Sadly, the only upside I can find right now is that assuming Sony takes the recent roster changes into account in this year's MLB TheShow, I won't have to worry about the Braves trading away every pitcher I create and develop in RttS.
 
2014-03-21 09:30:01 AM  
For the first time in 25 years.  Whine a little more why dontcha.
 
2014-03-21 09:55:07 AM  

ox45tallboy: So now our ace is... Julio Teheran?


By the end of last year, he was our defacto ace, so I'm ok with that.
 
2014-03-21 09:57:04 AM  
10 tommy john surgeries since 2010 with three players getting their second surgery.

What the f*ck is going on?
 
2014-03-21 10:11:19 AM  

KingKauff: By the end of last year, he was our defacto ace, so I'm ok with that.


He's pretty damn good but he's no Tim Hudson. Kris Medlen is even better, he just doesn't have the experience of Tim Hudson (nor can he hit like Huddie), and I'm not getting how in the world he needs another surgery so soon.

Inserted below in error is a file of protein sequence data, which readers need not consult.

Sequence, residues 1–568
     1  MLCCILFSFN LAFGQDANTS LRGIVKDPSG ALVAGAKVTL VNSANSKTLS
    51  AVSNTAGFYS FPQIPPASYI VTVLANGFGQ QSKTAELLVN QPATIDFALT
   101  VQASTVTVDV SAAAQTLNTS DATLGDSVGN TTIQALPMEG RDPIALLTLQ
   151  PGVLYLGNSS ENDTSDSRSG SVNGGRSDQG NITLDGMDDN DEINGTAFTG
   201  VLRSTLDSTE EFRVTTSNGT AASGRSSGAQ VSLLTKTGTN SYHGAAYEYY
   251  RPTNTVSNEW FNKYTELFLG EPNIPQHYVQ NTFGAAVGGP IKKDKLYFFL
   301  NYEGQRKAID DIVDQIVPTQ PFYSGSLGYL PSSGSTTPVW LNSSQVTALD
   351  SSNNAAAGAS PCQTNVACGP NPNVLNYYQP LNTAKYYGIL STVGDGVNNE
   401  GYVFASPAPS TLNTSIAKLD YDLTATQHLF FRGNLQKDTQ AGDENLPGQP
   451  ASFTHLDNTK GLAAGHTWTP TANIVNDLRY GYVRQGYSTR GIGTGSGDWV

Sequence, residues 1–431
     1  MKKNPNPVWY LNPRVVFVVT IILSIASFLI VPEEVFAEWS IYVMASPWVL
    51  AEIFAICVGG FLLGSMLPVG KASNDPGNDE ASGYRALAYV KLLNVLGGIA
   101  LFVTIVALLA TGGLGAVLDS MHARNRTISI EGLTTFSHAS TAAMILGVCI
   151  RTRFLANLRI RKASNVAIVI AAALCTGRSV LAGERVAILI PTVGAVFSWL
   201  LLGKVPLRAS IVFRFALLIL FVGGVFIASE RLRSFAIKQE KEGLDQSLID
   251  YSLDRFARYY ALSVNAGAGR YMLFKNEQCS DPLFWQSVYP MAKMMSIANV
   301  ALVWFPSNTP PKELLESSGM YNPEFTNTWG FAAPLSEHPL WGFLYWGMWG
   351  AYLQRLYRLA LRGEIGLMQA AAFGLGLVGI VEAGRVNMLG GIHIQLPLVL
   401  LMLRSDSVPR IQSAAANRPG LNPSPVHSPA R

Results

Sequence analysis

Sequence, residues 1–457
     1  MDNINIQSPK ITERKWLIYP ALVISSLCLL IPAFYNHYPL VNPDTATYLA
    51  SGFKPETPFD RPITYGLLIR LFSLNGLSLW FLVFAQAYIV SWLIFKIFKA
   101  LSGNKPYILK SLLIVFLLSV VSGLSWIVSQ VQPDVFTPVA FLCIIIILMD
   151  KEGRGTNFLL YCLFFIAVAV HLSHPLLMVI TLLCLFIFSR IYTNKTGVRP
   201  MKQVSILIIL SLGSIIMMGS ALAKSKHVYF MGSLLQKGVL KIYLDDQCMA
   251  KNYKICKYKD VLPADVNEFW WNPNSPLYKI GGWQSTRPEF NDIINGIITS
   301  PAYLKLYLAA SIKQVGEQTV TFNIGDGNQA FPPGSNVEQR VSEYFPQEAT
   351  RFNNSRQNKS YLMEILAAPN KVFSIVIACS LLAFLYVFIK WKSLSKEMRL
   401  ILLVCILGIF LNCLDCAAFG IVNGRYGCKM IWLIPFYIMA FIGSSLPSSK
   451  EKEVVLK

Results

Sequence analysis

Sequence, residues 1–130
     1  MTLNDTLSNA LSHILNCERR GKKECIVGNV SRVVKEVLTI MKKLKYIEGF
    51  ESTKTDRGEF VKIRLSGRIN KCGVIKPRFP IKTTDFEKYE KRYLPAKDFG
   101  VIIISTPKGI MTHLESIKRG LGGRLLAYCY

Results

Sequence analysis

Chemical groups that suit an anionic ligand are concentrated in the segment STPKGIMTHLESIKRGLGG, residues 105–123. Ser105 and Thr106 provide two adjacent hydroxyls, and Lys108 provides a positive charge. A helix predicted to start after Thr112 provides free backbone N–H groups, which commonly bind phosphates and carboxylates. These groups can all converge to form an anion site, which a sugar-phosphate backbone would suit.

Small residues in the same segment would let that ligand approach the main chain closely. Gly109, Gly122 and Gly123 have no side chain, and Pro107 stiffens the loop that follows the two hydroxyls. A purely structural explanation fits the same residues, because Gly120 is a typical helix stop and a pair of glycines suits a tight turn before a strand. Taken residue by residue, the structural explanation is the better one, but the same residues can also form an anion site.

We have Cristian Martinez, who's used to throwing 4-5 innings off the bench and doing pretty well at it, although usually when we pull him in, the opposing team is playing conservatively. Would it be a real stretch to make him a starter?
 
2014-03-21 10:12:16 AM  

my_cats_breath_smells_like_cat_food: I got a weird sense of deja vu reading that article...


I got a weird sense of deja vu reading that article...
 
2014-03-21 10:16:23 AM  

mab1823: If Uggla and Upton can manage to each hit just .230, we'd score a bunch more runs.


Uggla's making 15 million, and all we're hoping for is .230? He's a damn good second baseman, but he owes us a .270 or better. Heyward as well - he can hit better than that.